Just around the corner from my Wellington, apartment is New Zealand’s national war museum and carillon (1932) and tomb of the Unknown Soldier.
For much of my time in the city it’ been covered with scaffolding and red material – making it very easy to spot my place when I flew in or out of Wellington Airport. Restored and quake-proofed, that has now been removed and by April 25th 2015 (ANZAC day) a new park will spread out in front of it – completing the dreams of the earlier designers.
Pukeahu National War Memorial Park will soon be built on the Mt Cook Hill (Pukeahu) where a ‘cut and cover trench’ has been created and it’s on top of this ‘tunnel’ that the green space and parade ground will be created. See more photos here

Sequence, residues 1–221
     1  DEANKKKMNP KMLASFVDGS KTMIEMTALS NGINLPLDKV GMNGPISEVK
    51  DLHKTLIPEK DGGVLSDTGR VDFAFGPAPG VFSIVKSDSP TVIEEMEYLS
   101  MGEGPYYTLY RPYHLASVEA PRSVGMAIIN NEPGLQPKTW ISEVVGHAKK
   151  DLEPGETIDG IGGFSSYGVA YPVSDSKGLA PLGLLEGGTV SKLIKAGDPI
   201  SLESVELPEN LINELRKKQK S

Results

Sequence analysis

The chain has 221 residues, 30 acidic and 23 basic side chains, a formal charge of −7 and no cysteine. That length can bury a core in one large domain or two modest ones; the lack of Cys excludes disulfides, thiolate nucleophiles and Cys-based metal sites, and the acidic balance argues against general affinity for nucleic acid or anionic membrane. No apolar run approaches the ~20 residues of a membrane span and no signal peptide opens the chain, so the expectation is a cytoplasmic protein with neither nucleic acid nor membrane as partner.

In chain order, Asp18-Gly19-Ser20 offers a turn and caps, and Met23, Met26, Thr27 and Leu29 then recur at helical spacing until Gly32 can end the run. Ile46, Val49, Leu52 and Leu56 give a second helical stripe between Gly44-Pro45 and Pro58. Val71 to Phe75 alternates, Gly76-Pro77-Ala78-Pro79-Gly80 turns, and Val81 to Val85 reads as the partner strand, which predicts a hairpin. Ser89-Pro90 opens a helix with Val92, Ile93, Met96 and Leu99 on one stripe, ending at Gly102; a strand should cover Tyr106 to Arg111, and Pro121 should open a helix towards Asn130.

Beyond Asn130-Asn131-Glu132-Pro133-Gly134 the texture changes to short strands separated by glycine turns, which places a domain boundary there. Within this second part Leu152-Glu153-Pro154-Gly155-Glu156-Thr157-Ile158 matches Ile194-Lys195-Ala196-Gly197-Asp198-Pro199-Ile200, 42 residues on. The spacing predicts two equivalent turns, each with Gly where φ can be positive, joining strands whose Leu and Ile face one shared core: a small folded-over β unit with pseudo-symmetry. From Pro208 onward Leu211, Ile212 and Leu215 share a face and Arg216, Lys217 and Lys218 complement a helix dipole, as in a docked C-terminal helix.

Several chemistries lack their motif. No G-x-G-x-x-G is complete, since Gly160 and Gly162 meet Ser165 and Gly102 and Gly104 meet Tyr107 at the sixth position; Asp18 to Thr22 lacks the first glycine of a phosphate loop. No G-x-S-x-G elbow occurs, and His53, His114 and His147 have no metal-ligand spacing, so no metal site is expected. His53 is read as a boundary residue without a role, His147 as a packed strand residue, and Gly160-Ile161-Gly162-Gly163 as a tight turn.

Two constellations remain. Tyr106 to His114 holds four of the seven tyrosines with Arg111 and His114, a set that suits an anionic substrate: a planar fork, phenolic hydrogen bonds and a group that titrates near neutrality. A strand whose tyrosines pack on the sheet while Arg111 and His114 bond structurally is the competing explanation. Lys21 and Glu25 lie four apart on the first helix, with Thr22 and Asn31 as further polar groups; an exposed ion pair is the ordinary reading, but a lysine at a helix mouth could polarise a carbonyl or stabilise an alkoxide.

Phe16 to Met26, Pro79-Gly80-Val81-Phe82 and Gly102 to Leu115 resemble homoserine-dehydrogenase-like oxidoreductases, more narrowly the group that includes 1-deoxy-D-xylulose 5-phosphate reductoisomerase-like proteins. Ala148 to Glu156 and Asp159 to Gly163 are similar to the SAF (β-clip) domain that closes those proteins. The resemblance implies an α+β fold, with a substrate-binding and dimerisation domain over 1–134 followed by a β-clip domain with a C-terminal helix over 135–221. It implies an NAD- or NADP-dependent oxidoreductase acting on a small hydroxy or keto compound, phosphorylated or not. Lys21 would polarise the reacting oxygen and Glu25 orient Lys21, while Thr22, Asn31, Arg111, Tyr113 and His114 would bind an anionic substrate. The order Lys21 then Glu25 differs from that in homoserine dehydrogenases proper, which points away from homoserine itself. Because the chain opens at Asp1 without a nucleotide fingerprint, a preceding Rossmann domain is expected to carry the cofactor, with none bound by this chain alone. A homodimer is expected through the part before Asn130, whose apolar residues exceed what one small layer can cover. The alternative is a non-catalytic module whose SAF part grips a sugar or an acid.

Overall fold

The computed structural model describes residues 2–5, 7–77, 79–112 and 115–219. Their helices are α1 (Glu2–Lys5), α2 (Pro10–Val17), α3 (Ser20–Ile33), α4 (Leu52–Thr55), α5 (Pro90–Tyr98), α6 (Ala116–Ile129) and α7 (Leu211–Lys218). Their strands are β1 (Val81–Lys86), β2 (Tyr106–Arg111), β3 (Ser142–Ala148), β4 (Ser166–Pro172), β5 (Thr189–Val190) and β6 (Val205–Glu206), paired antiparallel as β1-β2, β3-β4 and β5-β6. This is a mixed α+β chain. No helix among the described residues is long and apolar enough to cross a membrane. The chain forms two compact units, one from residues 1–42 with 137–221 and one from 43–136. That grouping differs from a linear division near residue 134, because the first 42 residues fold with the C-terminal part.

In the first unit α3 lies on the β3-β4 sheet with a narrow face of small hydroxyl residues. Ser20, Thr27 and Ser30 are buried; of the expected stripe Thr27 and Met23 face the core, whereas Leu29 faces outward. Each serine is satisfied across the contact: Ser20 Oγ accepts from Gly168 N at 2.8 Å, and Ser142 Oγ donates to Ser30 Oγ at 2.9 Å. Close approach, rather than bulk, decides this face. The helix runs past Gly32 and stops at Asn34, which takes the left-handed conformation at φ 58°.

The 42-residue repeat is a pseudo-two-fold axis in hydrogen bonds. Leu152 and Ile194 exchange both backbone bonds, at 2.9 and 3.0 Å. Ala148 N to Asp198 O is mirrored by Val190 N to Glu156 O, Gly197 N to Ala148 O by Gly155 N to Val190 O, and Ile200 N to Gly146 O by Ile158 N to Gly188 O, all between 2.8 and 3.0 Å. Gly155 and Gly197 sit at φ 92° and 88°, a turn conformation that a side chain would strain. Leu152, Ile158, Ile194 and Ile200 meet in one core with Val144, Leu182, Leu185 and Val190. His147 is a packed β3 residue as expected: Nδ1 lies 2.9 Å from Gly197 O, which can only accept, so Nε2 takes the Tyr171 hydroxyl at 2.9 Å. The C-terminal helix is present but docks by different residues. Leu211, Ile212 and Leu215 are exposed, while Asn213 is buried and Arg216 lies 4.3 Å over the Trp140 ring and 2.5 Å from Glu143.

A historical area of Wellington, the hill was a major military space and the Army Reserves, and the Navy still have a presence here: many 1800 artefacts were found during the excavation.
Arras Tunnel opened 5 weeks ahead of schedule (29th Sept. 2015) and I attended the official opening and, along with many other Wellingtonians, walked through its 130 metres.
The name comes from the 1916 wartime work of some 300 New Zealand miners in the French town of the same name. Some 4,300 metres of tunnels were dug, but it wasn’t until the 1990s that the tunnels were rediscovered.
A museum, La Carriere Wellington, providing access to the tunnels opened in Arras in 2008. So Wellington New Zealand and Arras, France are really connected by tunnels!